Documenting the Bayot language (a west-African language of the Joola group)
Mbacké Diagne, Centre National de la Recherche Scientifique
Individual Graduate Studentship. Duration: 2004-2006. £19,400
Bayot is a Niger-Congo, West-Atlantic, Bak language of the Joola sub-group. This language is spoken in a Senegalese South-West zone that covers the prefecture of Nyassia, and mainly comprises three dialects: Ehin, Kugere, and Njambalaan. Nevertheless, according to my informants, speech differs from one village to another.
From the post colonial era until today, the Bayot people, a minority ethnic group, have been living under the threat of insecurity due to wars between kingdoms, slave trade, and, presently, the Casamance rebellion. This last calamity has caused disintegration of the Bayot villages (there are at least 15 villages), scattering the Bayot language speakers in foreign areas where they communicate using other languages. In fact, they see the use of other languages as a safety strategy.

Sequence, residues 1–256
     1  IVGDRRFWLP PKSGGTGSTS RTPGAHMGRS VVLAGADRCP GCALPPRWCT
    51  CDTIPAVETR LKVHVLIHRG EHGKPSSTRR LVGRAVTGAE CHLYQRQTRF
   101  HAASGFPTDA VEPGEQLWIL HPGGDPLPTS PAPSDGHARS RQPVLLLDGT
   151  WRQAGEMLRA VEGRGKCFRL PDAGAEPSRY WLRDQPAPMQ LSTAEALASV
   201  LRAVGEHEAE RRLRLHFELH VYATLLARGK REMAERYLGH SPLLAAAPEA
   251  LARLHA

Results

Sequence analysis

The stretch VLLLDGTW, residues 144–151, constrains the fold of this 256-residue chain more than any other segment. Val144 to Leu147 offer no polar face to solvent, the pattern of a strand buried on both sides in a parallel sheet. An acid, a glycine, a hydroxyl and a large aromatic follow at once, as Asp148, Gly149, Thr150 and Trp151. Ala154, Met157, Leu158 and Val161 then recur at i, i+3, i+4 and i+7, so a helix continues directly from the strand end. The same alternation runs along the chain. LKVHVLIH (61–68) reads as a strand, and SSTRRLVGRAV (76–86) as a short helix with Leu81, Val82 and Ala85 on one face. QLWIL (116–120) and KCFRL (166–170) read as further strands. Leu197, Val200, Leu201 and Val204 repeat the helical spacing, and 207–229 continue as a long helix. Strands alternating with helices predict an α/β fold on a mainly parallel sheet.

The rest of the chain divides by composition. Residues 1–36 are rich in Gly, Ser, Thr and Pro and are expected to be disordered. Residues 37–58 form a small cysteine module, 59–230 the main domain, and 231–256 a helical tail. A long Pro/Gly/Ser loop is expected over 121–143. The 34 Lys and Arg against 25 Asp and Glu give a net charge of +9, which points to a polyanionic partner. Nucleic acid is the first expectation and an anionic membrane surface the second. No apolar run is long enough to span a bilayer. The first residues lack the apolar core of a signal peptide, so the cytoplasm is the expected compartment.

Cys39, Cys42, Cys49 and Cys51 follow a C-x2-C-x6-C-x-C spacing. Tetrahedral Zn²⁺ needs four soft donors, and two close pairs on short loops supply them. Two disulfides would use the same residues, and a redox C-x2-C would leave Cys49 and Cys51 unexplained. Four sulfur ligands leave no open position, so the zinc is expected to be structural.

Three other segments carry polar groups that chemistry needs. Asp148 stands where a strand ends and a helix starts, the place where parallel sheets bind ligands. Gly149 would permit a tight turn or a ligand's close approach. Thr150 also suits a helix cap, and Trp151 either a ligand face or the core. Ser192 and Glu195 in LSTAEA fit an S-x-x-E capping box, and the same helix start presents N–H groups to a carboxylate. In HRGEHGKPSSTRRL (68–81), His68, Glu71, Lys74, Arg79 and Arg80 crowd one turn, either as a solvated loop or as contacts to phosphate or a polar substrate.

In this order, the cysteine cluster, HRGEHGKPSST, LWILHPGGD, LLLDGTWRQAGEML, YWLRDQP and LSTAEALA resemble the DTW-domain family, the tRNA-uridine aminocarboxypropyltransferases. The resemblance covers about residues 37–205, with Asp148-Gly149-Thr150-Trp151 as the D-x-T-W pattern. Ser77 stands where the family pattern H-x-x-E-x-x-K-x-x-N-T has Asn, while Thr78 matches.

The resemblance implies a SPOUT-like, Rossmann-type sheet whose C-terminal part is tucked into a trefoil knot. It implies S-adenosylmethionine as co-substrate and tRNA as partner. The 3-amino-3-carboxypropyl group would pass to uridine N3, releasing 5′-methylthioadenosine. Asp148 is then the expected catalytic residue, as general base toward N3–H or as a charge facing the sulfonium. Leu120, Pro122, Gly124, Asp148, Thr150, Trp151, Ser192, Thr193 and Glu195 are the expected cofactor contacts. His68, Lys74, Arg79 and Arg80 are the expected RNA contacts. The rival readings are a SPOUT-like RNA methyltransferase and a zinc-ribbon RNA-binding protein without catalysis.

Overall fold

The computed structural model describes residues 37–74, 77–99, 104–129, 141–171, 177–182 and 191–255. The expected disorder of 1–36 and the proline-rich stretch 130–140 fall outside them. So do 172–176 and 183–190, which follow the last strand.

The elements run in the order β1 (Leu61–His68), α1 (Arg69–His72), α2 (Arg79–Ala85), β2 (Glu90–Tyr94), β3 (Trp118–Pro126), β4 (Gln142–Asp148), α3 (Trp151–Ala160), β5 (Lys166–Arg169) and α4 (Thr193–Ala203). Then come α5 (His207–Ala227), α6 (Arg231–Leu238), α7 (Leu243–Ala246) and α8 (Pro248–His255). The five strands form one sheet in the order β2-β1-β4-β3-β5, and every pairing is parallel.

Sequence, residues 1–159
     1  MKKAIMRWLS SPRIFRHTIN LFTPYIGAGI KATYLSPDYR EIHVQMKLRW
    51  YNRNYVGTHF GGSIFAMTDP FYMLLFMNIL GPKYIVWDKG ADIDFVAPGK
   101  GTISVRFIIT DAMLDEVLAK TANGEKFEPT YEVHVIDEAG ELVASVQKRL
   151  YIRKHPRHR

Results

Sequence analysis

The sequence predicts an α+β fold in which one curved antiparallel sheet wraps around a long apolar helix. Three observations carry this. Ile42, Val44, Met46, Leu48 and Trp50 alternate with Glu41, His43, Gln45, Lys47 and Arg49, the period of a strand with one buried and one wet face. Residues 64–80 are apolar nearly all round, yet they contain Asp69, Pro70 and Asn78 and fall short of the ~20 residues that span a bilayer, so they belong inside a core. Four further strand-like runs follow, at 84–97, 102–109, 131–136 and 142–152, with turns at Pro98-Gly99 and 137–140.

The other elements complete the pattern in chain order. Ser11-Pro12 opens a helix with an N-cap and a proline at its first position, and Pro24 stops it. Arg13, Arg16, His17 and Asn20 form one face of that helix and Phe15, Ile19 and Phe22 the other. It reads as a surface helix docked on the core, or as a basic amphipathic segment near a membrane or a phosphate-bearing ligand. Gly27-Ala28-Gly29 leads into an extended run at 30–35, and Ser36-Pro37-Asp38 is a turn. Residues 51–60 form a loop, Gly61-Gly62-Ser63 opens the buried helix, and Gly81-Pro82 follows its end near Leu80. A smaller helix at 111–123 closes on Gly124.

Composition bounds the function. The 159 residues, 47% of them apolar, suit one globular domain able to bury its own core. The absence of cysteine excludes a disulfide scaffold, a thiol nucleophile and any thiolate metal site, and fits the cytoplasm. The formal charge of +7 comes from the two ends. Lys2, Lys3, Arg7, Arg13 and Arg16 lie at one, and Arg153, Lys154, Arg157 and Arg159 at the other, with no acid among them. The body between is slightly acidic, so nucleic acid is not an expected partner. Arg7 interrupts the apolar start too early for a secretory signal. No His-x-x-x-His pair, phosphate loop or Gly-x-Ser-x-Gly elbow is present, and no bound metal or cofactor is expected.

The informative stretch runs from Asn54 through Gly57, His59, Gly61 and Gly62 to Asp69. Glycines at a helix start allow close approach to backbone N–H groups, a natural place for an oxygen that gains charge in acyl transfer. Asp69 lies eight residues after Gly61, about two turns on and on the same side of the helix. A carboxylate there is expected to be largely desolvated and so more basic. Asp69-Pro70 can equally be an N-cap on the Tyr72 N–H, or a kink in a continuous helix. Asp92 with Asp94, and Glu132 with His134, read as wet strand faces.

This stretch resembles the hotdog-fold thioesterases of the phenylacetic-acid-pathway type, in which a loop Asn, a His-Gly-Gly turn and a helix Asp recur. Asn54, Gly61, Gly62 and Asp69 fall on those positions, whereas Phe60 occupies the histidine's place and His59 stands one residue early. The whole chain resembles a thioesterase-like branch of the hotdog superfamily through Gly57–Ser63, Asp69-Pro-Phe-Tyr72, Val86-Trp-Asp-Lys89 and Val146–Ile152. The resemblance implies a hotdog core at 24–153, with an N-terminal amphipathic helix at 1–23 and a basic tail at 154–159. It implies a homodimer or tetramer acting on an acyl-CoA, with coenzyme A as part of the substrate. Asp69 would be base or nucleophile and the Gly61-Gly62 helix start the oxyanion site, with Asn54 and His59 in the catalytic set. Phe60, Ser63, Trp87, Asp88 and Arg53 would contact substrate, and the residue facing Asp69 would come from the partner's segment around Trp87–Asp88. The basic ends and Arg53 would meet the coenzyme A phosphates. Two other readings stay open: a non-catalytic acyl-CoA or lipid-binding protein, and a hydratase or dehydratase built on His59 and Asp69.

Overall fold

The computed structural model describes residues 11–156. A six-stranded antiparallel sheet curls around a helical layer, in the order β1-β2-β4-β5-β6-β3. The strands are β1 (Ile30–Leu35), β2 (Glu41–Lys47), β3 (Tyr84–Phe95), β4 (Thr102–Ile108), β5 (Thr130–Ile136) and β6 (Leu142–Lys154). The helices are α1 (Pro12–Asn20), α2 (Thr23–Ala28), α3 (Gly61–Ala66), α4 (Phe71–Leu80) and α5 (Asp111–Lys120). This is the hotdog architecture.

This situation has considerably reduced the number of language users so that Bayot is an endangered language that needs a scientific description and resource building for language maintenance and the development of literacy.
- A doctoral dissertation to be defended at INALCO (Paris, France), consisting of a French monograph of phonological, morphological and morpho-syntactical description of the Bayot language
- A multilingual dictionary of 5000 items
- A spelling book for adult literacy
- Audiovisual materials: a video cassette of linguistic and cultural features of the speech community and, at least five tapes of oral texts.